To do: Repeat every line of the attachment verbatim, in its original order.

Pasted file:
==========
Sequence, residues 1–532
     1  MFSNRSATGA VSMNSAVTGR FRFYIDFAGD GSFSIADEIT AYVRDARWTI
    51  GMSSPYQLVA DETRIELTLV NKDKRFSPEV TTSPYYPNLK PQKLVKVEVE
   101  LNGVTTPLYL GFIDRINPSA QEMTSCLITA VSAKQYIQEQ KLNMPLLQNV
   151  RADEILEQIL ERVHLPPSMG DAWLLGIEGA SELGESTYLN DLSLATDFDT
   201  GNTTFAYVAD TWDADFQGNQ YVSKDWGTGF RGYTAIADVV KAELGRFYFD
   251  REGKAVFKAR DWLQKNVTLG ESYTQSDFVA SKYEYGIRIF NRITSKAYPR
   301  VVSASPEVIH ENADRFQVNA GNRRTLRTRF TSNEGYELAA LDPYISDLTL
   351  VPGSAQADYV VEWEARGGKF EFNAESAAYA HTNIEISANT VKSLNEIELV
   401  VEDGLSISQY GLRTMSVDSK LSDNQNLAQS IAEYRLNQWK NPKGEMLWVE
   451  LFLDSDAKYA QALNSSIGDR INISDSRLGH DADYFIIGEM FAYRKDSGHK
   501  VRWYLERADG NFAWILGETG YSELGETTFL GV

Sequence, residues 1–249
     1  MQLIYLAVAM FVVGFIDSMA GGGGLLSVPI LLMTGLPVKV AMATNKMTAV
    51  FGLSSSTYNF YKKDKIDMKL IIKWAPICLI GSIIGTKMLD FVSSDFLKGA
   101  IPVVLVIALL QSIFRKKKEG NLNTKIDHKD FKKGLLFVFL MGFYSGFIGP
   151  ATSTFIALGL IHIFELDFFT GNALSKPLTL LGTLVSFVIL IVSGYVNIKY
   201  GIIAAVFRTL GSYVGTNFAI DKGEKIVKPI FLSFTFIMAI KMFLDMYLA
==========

Sequence, residues 1–532
     1  MFSNRSATGA VSMNSAVTGR FRFYIDFAGD GSFSIADEIT AYVRDARWTI
    51  GMSSPYQLVA DETRIELTLV NKDKRFSPEV TTSPYYPNLK PQKLVKVEVE
   101  LNGVTTPLYL GFIDRINPSA QEMTSCLITA VSAKQYIQEQ KLNMPLLQNV
   151  RADEILEQIL ERVHLPPSMG DAWLLGIEGA SELGESTYLN DLSLATDFDT
   201  GNTTFAYVAD TWDADFQGNQ YVSKDWGTGF RGYTAIADVV KAELGRFYFD
   251  REGKAVFKAR DWLQKNVTLG ESYTQSDFVA SKYEYGIRIF NRITSKAYPR
   301  VVSASPEVIH ENADRFQVNA GNRRTLRTRF TSNEGYELAA LDPYISDLTL
   351  VPGSAQADYV VEWEARGGKF EFNAESAAYA HTNIEISANT VKSLNEIELV
   401  VEDGLSISQY GLRTMSVDSK LSDNQNLAQS IAEYRLNQWK NPKGEMLWVE
   451  LFLDSDAKYA QALNSSIGDR INISDSRLGH DADYFIIGEM FAYRKDSGHK
   501  VRWYLERADG NFAWILGETG YSELGETTFL GV

Sequence, residues 1–249
     1  MQLIYLAVAM FVVGFIDSMA GGGGLLSVPI LLMTGLPVKV AMATNKMTAV
    51  FGLSSSTYNF YKKDKIDMKL IIKWAPICLI GSIIGTKMLD FVSSDFLKGA
   101  IPVVLVIALL QSIFRKKKEG NLNTKIDHKD FKKGLLFVFL MGFYSGFIGP
   151  ATSTFIALGL IHIFELDFFT GNALSKPLTL LGTLVSFVIL IVSGYVNIKY
   201  GIIAAVFRTL GSYVGTNFAI DKGEKIVKPI FLSFTFIMAI KMFLDMYLA